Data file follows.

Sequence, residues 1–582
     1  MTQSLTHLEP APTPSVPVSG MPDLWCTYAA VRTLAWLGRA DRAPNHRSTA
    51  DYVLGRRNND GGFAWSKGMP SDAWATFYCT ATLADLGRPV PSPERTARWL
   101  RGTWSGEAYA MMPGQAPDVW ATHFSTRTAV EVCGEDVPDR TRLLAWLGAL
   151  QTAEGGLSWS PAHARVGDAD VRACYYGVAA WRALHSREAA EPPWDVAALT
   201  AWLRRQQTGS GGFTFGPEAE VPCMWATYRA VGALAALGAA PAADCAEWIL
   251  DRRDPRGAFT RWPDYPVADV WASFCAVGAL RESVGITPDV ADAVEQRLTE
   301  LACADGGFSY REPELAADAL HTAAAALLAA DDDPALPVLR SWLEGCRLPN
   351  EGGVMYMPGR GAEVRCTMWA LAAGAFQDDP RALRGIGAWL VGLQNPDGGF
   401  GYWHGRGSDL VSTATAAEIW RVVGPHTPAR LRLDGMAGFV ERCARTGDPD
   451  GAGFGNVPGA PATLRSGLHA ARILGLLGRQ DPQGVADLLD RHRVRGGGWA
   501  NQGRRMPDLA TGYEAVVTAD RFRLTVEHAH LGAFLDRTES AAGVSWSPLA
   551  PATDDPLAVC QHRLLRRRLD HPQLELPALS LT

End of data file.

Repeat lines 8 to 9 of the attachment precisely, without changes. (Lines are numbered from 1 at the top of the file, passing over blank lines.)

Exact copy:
   301  LACADGGFSY REPELAADAL HTAAAALLAA DDDPALPVLR SWLEGCRLPN
   351  EGGVMYMPGR GAEVRCTMWA LAAGAFQDDP RALRGIGAWL VGLQNPDGGF